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ar business; and a class of men, nicknamed spirits, used to delude young persons, servants and idlers, into embarking for America, as to a land of spontaneous plenty. Bullock's Virginia, 1649, p. 14. White servants came to be a usual article of traffic. They were sold in England to be transported, and in Virginia were resold to the highest bidder; like negroes, they were to be purchased on shipboard, as men buy horses at a fair. Sad State of Virginia, 1657, p. 4, 5. Hammond's Leah and Rachel, 7. In 1672, the average price in the colonies, where five years of service were due, was about ten pounds; while a negro was worth twenty or twenty-five pounds. Blome's Jamaica, 84 and 16. So usual was this manner of dealing in Englishmen, that not the Scots only, who were taken in the field of Dunbar, were sent into involuntary servitude in New England, Cromwell and Cotton, in Hutchinson's Coll. 233—235. but the royalist prisoners of the battle of Worcester; Suffolk County Record
yborne, defeated and banisned from Maryland as a murderer Hammond's Leah and Rachel. and an outlaw, sheltered himself in Virginia, where he had long been a member h loyalty and hope. Norwood, in Churchill, VI. 160—186. Hammond's Leah and Rachel, 16. The faithfulness of the Virginians Chap VI.} 1650 June. did not escape thEngland, that submitted to obedience of the commonwealth. Hammond's Leah and Rachel, 20; Ed. 1656. But the parliament did not long permit its authority to be dng's Babylon's Fall, i. 7, and 10; Langford's Refutation, 3; Hammond's Leah and Rachel, 21. These, taken together, are conclusive. Bennett was of the council in 164d already preferred her own sons for places of authority. Hammond's Leah and Rachel, p. 15. The country felt itself honored by those who were Virginians born; T as any under heaven. II. Mass. Hist Coll. IX. 116. 106 Hammond's Leah and Rachel, 9, 0, 5. But plenty encouraged indolence. No domestic manufactures were estab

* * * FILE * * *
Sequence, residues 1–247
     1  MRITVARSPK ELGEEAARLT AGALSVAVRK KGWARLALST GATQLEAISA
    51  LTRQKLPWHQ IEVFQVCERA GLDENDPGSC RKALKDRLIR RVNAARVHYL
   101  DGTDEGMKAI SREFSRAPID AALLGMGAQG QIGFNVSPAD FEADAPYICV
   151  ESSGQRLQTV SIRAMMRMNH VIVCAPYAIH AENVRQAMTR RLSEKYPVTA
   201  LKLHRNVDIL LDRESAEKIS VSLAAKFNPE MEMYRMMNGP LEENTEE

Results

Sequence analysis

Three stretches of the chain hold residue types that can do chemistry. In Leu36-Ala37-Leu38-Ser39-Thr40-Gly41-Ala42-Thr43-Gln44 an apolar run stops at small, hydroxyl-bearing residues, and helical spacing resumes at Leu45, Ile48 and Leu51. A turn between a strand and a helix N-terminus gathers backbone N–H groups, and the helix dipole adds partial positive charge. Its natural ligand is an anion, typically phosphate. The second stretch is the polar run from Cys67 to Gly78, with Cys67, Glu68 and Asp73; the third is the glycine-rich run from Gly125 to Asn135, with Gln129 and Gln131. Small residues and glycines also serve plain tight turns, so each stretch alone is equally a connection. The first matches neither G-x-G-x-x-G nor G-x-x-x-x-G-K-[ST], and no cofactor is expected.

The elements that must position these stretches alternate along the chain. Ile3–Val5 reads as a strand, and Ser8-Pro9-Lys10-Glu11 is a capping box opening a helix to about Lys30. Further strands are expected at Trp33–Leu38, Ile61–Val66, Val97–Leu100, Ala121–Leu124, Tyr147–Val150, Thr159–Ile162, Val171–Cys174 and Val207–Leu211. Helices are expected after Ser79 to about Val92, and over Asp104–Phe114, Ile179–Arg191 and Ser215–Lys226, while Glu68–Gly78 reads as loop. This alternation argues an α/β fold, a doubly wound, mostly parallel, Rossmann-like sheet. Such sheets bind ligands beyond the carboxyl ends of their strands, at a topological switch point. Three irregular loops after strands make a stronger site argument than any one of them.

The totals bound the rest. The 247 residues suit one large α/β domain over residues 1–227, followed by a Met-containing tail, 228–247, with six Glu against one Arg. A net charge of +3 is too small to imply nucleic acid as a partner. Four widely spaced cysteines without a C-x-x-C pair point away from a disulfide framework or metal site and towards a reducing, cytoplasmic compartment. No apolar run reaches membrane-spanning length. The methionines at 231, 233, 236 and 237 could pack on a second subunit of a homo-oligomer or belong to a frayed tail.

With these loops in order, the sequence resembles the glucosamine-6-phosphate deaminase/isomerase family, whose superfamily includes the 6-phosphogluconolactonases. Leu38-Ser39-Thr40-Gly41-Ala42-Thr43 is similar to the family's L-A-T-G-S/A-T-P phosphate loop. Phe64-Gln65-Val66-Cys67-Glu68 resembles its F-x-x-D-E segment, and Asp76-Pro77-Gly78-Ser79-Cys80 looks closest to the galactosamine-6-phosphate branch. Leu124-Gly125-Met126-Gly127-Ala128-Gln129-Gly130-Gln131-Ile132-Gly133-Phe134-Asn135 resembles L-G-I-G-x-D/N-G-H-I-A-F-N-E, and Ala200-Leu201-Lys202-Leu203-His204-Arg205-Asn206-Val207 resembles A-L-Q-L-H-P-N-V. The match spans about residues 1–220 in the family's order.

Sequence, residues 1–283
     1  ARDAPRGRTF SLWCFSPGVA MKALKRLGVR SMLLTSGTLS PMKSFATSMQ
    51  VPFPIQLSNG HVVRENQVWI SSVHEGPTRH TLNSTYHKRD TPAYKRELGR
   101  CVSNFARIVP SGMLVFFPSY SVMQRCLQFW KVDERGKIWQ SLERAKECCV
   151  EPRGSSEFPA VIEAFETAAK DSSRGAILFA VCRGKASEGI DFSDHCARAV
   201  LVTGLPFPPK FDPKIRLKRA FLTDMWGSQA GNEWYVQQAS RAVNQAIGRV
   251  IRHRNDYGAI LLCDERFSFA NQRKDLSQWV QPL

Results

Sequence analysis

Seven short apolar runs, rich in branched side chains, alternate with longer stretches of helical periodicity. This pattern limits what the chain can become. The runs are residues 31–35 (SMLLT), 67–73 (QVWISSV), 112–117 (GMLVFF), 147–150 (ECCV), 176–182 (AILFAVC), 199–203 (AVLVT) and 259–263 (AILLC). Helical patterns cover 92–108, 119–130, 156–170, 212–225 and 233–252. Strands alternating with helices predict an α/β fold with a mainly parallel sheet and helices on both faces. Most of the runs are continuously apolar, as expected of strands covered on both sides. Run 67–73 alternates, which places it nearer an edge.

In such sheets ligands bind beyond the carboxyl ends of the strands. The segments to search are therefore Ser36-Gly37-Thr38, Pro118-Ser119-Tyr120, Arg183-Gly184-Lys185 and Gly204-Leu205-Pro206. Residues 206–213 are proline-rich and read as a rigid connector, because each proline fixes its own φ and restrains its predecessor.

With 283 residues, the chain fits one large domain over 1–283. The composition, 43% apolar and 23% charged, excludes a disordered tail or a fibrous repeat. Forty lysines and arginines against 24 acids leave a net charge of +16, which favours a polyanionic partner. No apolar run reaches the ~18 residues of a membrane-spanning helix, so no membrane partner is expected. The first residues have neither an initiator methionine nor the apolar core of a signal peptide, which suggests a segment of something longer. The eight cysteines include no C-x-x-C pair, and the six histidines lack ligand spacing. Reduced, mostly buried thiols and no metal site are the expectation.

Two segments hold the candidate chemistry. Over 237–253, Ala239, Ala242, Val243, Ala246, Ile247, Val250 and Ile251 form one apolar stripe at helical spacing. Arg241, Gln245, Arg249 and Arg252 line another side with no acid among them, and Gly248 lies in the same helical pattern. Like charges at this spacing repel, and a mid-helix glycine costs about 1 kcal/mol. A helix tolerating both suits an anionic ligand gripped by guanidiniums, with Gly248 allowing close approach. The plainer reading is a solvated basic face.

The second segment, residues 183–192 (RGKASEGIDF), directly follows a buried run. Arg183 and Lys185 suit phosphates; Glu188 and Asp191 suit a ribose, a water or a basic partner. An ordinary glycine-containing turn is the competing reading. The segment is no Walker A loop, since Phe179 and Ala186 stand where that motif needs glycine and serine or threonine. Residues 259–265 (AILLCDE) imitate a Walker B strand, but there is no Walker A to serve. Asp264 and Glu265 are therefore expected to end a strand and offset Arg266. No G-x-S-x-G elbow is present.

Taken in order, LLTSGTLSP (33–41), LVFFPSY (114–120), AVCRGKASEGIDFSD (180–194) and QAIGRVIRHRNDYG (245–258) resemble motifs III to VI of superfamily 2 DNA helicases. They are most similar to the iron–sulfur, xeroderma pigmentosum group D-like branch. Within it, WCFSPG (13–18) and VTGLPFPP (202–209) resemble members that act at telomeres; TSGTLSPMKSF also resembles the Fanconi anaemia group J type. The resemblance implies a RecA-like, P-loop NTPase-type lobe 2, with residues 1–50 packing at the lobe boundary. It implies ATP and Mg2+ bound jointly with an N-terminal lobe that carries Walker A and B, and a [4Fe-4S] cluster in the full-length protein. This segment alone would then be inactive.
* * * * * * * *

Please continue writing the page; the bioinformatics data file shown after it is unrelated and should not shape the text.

tenanted by any but the scattered hordes of the native tribes. The French, the Dutch, and the Swedes, were preparing to occupy the country; and a grant seemed the readiest mode of securing the soil by an English settlement. Hammond's Leah and Rachel, 19. The canceling of the Virginia patents had restored to the monarch the ample authority of his prerogative over the soil; he might now sever a province from the colony, to which he had at first assigned a territory so vast; and it was not diffrson shall blaspheme God, or shall deny or reproach the Holy Trinity, or any of the three persons thereof, shall be punished with death. Bacon, 1649, c. i. A true copy of the whole law is printed by Langford, 27—32. Compare Hammond's Leah and Rachel, 20, 21. No where in the United States is religious opinion now deemed a proper subject for penal enactments. The only fit punishment for error is refutation. God needs no avenger in man. The fool-hardy levity of shallow infidelity proceeds fro